Recovery-does altitude make a difference?

Posted by mark58 @mark58, Sep 27 11:36am

I am 2 weeks post discharge from a 6 day Covid stay with pneumonia and remdisivere(sp) treatment.

I live at 5300 feet elevation and recently went to sea level. When at elevation I find, especially at night, that my blood oxygen levels can drop to or below 90. I noticed at sea level that my oxygen level was almost always 2-3 points higher.

After much research and no answers found I am interested to know if being at sea level will shorten my recovery time?

@mark58, that's a very interesting question. I doubt research about recovery from COVID at varying altitudes has been conducted yet. You may have to look for studies done on pneumonia and altitude. Here are a couple of things I found:

– Lung disease at high altitude https://pubmed.ncbi.nlm.nih.gov/10634992/
– Respiratory Function of University Students Living at High Altitude https://www.ncbi.nlm.nih.gov/pmc/articles/PMC4175264/

Cherry picking some info:
"At high altitude where the barometric pressure (Pb) and thus the supply of oxygen is lower, the job of getting oxygen to the blood, even in the healthy lung is more difficult…"
"University students living at high altitude had a slower HR and higher oxygen saturation levels as well as higher lung and inspiratory capacity levels. Thus, physiological improvement in oxygen saturation levels and pulmonary function were seen in the individuals living at high altitude."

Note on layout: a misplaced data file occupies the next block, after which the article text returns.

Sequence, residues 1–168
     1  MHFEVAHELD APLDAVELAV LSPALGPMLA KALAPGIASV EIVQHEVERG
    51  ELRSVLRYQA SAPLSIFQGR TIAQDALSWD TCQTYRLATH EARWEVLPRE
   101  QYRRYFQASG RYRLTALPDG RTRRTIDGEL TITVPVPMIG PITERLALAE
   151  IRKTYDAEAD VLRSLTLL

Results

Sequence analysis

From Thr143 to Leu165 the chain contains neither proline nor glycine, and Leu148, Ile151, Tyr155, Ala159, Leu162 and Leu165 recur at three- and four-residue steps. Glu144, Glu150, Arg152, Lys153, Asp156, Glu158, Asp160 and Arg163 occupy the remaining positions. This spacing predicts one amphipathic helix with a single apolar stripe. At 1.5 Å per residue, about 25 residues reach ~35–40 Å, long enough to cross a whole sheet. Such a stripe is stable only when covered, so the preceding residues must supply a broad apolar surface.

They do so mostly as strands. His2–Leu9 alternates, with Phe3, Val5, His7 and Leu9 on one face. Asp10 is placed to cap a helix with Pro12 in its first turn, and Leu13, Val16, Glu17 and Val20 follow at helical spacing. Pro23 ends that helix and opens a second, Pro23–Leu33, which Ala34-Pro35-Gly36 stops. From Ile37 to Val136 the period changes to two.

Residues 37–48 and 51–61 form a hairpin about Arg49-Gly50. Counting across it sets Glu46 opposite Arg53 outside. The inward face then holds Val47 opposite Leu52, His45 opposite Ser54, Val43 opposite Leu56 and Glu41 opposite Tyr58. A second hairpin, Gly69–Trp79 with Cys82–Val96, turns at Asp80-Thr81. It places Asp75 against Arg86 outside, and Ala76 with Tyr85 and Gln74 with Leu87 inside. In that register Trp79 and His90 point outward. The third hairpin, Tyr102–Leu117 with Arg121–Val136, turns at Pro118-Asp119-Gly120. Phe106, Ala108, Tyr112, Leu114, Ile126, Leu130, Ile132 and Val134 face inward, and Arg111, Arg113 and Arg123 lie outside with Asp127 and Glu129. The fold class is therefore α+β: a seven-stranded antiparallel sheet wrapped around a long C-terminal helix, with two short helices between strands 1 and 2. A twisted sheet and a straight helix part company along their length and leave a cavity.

In the first quote, I'm not sure how they define "high altitude." It may be referring to flying.

I wonder if one can extrapolate faster recovery time or perhaps working harder at 5300 feet, despite lower oxygen saturation, your lungs are healing and stronger. This may be questions to ask your doctor.

On a practical level, you live at 5,300 feet elevation and are recovering at home. Being home and comfortable in your surroundings can also contribute to recovery. Would you move to sea level for the recovery period? Might this add undue stress?

REPLY
@colleenyoung

@mark58, that's a very interesting question. I doubt research about recovery from COVID at varying altitudes has been conducted yet. You may have to look for studies done on pneumonia and altitude. Here are a couple of things I found:

– Lung disease at high altitude https://pubmed.ncbi.nlm.nih.gov/10634992/
– Respiratory Function of University Students Living at High Altitude https://www.ncbi.nlm.nih.gov/pmc/articles/PMC4175264/

Cherry picking some info:
"At high altitude where the barometric pressure (Pb) and thus the supply of oxygen is lower, the job of getting oxygen to the blood, even in the healthy lung is more difficult…"
"University students living at high altitude had a slower HR and higher oxygen saturation levels as well as higher lung and inspiratory capacity levels. Thus, physiological improvement in oxygen saturation levels and pulmonary function were seen in the individuals living at high altitude."

In the first quote, I'm not sure how they define "high altitude." It may be referring to flying.

I wonder if one can extrapolate faster recovery time or perhaps working harder at 5300 feet, despite lower oxygen saturation, your lungs are healing and stronger. This may be questions to ask your doctor.

On a practical level, you live at 5,300 feet elevation and are recovering at home. Being home and comfortable in your surroundings can also contribute to recovery. Would you move to sea level for the recovery period? Might this add undue stress?

Jump to this post

Ok. So I am not alone in finding a lack of information.

The information you provided is helpful however. I seem to be challenged in finding answers as I have spoken with 3 local doctors and none of them had much thought on that subject.